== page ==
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Home Equity Management Guidebook

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Ignoring The Tax Code


     2) SSOYA ignores the realities of the Internal Revenue Code (IRC). Readers will unfortunately take from SSOYA that the interest on the loan when borrowing money from a personal residence to fund the "S.A.F.E.T.Y. Fund™" is deductible. That is NOT TRUE the vast majority of the time. Obviously, when you can borrow money, write off the interest on the loan and reposition the borrowed funds into a tax-free wealth building tool, the decision to move forward is much easier. Whether an oversight made out of the ignorance of the author or an intentional deception of the reader; this flaw a significant. To read more about this significant oversight and a specific example with violates the tax code, please click here.

     SSOYA is very clever in that nearly every example in the book has clients selling their home and using the proceeds from the sale to fund the "S.A.F.E.T.Y. Fund™." Why is that the case? Once you understand how the IRC deals with home equity debt (removing equity from a home vs. home acquisition debt which is debt from the purchase of a new home) you will know why.

     There are two code sections you need to understand in order to determine if home equity or acquisition debt on a home is tax deductible. Titles 26 Section 163 and 264(a).

     Section 163 sets the deduction limit at $1,000,000 for home acquisition debt (if married and $500,000 if single). For home equity debt, the limit is $100,000 of new debt (up to the FMV of the home).

     Therefore, if you remove equity from an existing home to build wealth through a "S.A.F.E.T.Y. Fund™", the interest deduction on the loan is limited to $100,000 of new debt.

     That sounds great right? You can borrow $100,000 from your home, reposition it in the "S.A.F.E.T.Y. Fund™" where it will grow tax free and can be removed tax free in retirement. Right? Wrong.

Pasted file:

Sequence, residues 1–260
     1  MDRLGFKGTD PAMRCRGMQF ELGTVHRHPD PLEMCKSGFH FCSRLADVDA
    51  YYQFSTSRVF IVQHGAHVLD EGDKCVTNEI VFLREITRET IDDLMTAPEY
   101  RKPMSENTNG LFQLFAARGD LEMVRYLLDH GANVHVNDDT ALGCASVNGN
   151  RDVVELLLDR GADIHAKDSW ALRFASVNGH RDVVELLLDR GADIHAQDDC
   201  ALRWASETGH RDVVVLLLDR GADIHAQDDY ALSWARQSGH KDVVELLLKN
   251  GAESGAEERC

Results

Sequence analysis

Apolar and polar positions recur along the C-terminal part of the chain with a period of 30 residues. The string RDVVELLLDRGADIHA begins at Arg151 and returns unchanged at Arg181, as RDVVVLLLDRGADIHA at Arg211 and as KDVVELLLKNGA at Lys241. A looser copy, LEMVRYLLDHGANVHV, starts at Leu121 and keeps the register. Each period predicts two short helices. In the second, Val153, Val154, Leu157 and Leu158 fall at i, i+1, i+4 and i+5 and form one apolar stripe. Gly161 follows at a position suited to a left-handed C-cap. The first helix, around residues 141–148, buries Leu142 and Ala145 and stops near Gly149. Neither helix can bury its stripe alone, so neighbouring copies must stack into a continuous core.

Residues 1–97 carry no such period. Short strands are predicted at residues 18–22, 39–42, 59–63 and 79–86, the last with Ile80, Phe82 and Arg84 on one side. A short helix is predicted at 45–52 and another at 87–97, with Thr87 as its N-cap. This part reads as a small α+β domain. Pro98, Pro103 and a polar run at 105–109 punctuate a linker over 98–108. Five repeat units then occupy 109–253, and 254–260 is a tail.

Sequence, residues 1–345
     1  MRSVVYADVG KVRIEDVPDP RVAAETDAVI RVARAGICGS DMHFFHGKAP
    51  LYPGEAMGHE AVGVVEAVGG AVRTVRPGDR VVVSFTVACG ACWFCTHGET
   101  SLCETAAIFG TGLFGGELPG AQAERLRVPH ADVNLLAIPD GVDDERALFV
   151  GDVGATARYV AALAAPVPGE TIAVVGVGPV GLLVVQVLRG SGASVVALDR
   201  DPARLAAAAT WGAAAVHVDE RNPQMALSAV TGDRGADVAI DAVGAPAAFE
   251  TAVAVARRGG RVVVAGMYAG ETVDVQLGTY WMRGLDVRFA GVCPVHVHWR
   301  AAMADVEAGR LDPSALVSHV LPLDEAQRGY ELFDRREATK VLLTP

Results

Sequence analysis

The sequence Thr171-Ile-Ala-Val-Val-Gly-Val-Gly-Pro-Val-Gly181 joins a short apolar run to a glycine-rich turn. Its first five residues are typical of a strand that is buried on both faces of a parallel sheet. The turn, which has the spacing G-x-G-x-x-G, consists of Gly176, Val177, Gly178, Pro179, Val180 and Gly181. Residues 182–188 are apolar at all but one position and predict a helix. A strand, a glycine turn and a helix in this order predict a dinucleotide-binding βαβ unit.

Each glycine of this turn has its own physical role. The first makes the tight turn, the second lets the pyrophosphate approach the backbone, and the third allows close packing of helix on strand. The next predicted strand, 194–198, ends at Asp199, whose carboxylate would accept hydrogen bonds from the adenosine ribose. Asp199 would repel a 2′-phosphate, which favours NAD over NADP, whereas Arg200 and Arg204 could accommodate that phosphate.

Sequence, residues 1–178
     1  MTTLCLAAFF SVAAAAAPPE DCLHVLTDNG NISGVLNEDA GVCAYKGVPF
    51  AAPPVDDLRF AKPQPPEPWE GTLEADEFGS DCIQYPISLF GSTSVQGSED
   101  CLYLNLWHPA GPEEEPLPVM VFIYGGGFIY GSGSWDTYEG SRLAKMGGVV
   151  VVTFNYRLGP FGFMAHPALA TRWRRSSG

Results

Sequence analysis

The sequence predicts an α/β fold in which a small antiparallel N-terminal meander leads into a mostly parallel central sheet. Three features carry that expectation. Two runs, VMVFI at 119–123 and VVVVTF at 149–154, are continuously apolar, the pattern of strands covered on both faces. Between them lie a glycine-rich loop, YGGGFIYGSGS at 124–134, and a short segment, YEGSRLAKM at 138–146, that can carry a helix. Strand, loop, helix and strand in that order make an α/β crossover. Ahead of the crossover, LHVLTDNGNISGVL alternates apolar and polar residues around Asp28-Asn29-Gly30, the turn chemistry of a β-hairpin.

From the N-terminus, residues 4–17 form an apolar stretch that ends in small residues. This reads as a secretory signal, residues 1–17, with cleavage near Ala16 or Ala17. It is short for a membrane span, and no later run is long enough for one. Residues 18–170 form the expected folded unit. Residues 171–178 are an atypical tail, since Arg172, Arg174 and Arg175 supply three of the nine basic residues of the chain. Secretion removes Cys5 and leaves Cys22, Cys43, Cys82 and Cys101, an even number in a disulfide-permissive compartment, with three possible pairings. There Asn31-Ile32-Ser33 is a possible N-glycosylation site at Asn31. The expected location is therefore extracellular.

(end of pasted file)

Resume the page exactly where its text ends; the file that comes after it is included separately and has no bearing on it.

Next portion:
Section 264(a)3 states that if you borrow money to reposition into a cash value life insurance policy with contemplation of borrowing from it (i.e. the "S.A.F.E.T.Y. Fund™"), NONE of the interest is deductible. (There are exceptions to 264(a)3, but they are narrow and are not discussed at all in SSOYA. They are discussed in great detail in The Home Equity Management Guidebook).

     When reading a book that is based on borrowing money from a home and repositioning it into a "S.A.F.E.T.Y. Fund™", donít you think 264(a) should be covered in great detail?

     Itís one thing not to deal with it in a book; itís another to deal create an example that leads the reader to think incorrectly that interest on home equity debt is deductible. Thatís what SSOYA does starting on page 73. On page 73 and the following pages, SSOYA has an example where the client does a cash out refinance of $100,000 and letís the money grow tax free in a "S.A.F.E.T.Y. Fund™" (a cash value life insurance policy).

     There is no mention of 264(a)3 which would make the interest on the $100,000 cash-out refinance non-deductible. On page 77 SSOYA states that the tax deductibility of the interest paid is simply icing on the cake.

     On page 75 there is an example of someone with a $10,000 mortgage payment who is in the 33% income tax bracket. SSOYA states on page 75 that the actual cost to the client is $6,667 due to the ability to deduct the interest. This example which does not specify whether the debt is home equity debt or home acquisition debt and its close proximity to the example on page 73, which is a home equity loan example, could lead readers to believe the interest on home equity debt is deductible (when it is not under 264(a)3.

     Summary on the lack of detail on the deduction of interest when removing equity from a home to build wealth:

     By not dealing with 264(a)3, the author of SSOYA proves that she either doesnít know the code section exists or that she does and chose not to disclose it to readers. Both conclusions are bad for the reader as they are lulled into the belief that home equity debt is deductible when funding the "S.A.F.E.T.Y. Fund™."